There are a few extra considerations when babywearing with a preemie though: Stability. First, your baby has to be stable enough. Even though the NICU allows and encourages kangaroo care in the early days, your baby may not be stable enough for you to mess with a carrier. In these times, I’d encourage using your carrier to drape over you and baby. You having your baby’s smell and vice versa is an awesome tool for calmness, security, and if pumping, a physical object to help increase production. If you have any question about if your baby can safely be worn, feel free to ask the nurses/neonatologists. Some may not understand babywearing but they don’t have to – all they need to do is confirm that your baby would be safe to be worn. Support. Your preemie more than likely has lower than normal tone. If not throughout their body, in certain areas. My little one was evaluated by a physical therapist and while most of what she exhibited was on track, she did have lower tone in her core. This is key when wearing. Whatever carrier you choose needs to be extra supportive for that itty bitty body. My suggestion and my own go to’s are a woven wrap or a ring sling. My only ring slings are wrap conversions but a standard ring sling would provide the same support. A woven or a ring sling are ideal for newborns as it is but more so for a premature baby due to the moldability. You as the wearer have the ability to contour the carrier to the baby as well as yourself more than any other type of carrier. I also would discourage the use of stretchy wraps, soft structured carriers, and mei tais. All of these can be used down the road but don’t provide the unique ability to conform and provide support at the same time. “Extras”. You know, all those annoying extras that you don’t sign up for when you choose to babywear. The cords, the alarms, the tubes, bandages, etc. In the hospital my little one was on monitors, oxygen towards the end of her stay, had a feeding tube, and liked to toy with us and make her oxygen saturation monitor go off – a lot. Now that we are home, she is on a smart monitor that includes two sticky pads on her chest connected to a cord as well as a pulse ox monitor that is attached to her foot on a separate cord. She also was sent home on oxygen so we have the cannula with tubing connected to a concentrator in our living room. Because of how low of an oxygen setting she is on, I am not comfortable attaching a long 25′ connector to be able to go throughout the house. Because of this, we are confined to the living room until she is off oxygen or I become so annoyed I resort to a portable tank. What I found to work the best is to have the oxygen totally separate and off to the other side so as not to get in the way. The other cords are easiest for me coming out the top of the carrier. So they don’t get pulled down and possibly have the attachments come loose from her, I tuck the heavy connectors into the carrier as well. Babywearing can be daunting to some, especially someone who just delves in. It can be daunting to even an experienced wearer if there are special circumstances involved. I encourage those who are questioning if it’s ok and if they’ll do it properly to try it! In the nicu, you have the safety net of alarms and professionals all around you. Utilize this to allow yourself to become confident enough in your positioning. And there are always educators or even caregivers who have been there done that that are more than willing to offer their tips, tricks, and give encouragement. I know wearing has been a huge lifesaver in our bonding and I am grateful daily that I can snuggle my baby and make some awesome memories and even friends.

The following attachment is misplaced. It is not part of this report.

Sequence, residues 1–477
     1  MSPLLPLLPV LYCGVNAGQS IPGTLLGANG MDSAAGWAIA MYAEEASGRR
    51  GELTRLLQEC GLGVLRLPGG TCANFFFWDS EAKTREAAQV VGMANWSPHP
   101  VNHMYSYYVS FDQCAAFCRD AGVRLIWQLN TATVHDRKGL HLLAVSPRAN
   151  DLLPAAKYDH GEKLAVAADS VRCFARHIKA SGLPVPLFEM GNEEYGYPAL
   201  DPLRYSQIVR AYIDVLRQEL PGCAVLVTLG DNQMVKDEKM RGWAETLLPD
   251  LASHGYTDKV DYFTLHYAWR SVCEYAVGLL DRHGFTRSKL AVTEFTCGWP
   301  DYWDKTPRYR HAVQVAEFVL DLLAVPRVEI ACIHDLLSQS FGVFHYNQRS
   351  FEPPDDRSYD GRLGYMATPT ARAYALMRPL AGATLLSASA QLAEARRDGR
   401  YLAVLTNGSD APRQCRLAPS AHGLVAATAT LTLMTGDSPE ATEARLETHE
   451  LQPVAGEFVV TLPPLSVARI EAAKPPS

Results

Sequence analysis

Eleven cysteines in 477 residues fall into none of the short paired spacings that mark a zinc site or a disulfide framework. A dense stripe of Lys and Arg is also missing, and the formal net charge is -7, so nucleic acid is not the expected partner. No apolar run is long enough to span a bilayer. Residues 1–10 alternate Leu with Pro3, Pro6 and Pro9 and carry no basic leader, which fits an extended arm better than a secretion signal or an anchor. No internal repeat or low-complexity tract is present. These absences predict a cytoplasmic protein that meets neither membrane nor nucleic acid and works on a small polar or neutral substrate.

Happy babywearing!

Jill 1
First time wearing – cords and a feeding tube.

 

Wearing in the nicu is possible!
Wearing in the nicu is possible!
Snuggles.
Snuggles.
Ring sling with oxygen. Still in the nicu.
Ring sling with oxygen. Still in the nicu.
Notice the contouring of the ring sling to her body.
Notice the contouring of the ring sling to her body.
Making friends... The weaver sold this Felicity wrap to me instead of auctioning it off. Her son shares a birthday with Felicity and was also a nicu baby.
Making friends… The weaver sold this Felicity wrap to me instead of auctioning it off. Her son shares a birthday with Felicity and was also a nicu baby.
Even when not wearing, carriers are great!
Even when not wearing, carriers are great!